1. HOME
  2.  | 
  3. Industry
  4.  | 
  5. Education
  6.  | Northrim Bank Supports the University of Alaska with Annual Contribution

Northrim Bank Supports the University of Alaska with Annual Contribution

Jun 2, 2020 | Education, Finance

Sam Friedman
Sam Friedman
Freelance writer in Fairbanks

Northrim Bank is proud to support the work of the University of Alaska throughout the state. The bank provides an annual contribution to the University of Alaska and supports higher education as the backbone of a strong community. “We are proud to be able to continue our support for the University during challenging times,” says Northrim Bank Chairman, President, and CEO Joe Schierhorn. “We support the major academic units of the University and the community campuses where we have branch locations. We believe it is important to have a strong system for higher education that is accessible to many throughout Alaska,” he says.

The total contribution of $287,500 to the University of Alaska includes:

  • UAA – College of Business & Public Policy, $5,000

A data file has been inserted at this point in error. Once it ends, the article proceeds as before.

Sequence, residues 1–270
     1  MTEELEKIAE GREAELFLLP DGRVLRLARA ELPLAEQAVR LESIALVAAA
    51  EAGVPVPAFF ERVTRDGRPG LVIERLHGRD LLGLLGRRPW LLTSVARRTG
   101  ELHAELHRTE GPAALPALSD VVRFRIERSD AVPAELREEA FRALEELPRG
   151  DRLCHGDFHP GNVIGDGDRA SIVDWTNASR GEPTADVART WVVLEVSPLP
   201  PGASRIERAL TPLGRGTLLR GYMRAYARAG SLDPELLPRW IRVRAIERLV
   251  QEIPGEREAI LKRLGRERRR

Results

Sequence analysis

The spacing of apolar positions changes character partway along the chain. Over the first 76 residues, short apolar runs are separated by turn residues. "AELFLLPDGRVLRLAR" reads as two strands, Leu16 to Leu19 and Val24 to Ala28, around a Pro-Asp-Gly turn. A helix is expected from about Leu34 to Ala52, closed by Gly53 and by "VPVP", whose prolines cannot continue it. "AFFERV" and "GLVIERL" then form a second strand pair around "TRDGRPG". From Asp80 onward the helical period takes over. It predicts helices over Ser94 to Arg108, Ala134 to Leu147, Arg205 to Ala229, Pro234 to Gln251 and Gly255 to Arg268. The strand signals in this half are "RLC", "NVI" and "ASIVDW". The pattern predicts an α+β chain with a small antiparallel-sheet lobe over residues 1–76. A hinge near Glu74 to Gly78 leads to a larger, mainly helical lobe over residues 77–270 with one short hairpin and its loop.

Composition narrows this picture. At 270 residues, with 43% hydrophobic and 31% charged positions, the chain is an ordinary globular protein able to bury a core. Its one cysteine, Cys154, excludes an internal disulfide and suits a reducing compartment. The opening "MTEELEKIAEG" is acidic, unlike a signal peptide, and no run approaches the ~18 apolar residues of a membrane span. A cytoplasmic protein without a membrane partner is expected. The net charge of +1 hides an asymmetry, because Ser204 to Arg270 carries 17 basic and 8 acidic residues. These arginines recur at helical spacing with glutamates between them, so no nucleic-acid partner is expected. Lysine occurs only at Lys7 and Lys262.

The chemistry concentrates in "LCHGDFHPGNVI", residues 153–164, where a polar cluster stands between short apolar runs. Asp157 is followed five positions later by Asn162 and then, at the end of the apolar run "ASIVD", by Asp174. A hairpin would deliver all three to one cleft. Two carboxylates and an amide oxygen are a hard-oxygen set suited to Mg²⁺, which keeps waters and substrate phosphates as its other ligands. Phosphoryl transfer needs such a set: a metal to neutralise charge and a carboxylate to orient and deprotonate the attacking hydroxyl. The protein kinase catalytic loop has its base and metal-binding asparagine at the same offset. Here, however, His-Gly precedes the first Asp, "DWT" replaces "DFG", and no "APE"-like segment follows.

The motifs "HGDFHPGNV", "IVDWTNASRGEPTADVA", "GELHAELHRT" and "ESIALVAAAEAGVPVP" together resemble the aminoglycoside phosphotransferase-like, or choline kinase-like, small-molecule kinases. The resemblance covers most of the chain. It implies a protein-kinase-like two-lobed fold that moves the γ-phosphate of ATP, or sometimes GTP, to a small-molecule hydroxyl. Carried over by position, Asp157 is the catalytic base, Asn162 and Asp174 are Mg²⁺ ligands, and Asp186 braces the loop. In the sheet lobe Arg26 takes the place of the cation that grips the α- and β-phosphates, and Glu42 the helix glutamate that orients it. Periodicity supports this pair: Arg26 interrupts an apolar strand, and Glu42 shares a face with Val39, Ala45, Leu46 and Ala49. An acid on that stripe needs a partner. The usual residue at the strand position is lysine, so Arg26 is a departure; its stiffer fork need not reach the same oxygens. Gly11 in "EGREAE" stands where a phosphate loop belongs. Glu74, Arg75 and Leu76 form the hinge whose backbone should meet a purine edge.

• UAA – Institute of Social & Economic Research, $100,000
  • UAA – Kenai Peninsula College, $5,000
  • UAA – Mat-Su College, $5,000
  • UAA – Seawolf Debate, $10,000
  • UAA – Small Business Development Center, $50,000
  • UAF – School of Management, $50,000
  • UAS – Business & Public Policy Program $52,000
  • UAS – Ketchikan Campus, $5,000
  • UAS – Sitka Campus, $5,000

Norrthrim invests in the community and is proud to support organizations that are helping build a strong foundation for the future. By continuing its longstanding support of the University of Alaska and its programs, Northrim remains an advocate for higher education throughout Alaska.

Current Issue

Alaska Business June 2021 Cover

June 2021

Alaska Business Magazine June 2021 Cover

In This Issue

Alaska Problems Require Alaska Solutions

June 2021

On January 16, a fire destroyed the water plant and washeteria in the southwest Alaska village of Tuluksak. For the village of about 350 people, it was a devastating blow. The water plant was the only source of drinking water in the village, in which the primarily Yup’ik residents lack indoor plumbing and rely on honey buckets, not uncommon in the flat, swampy region.

Share This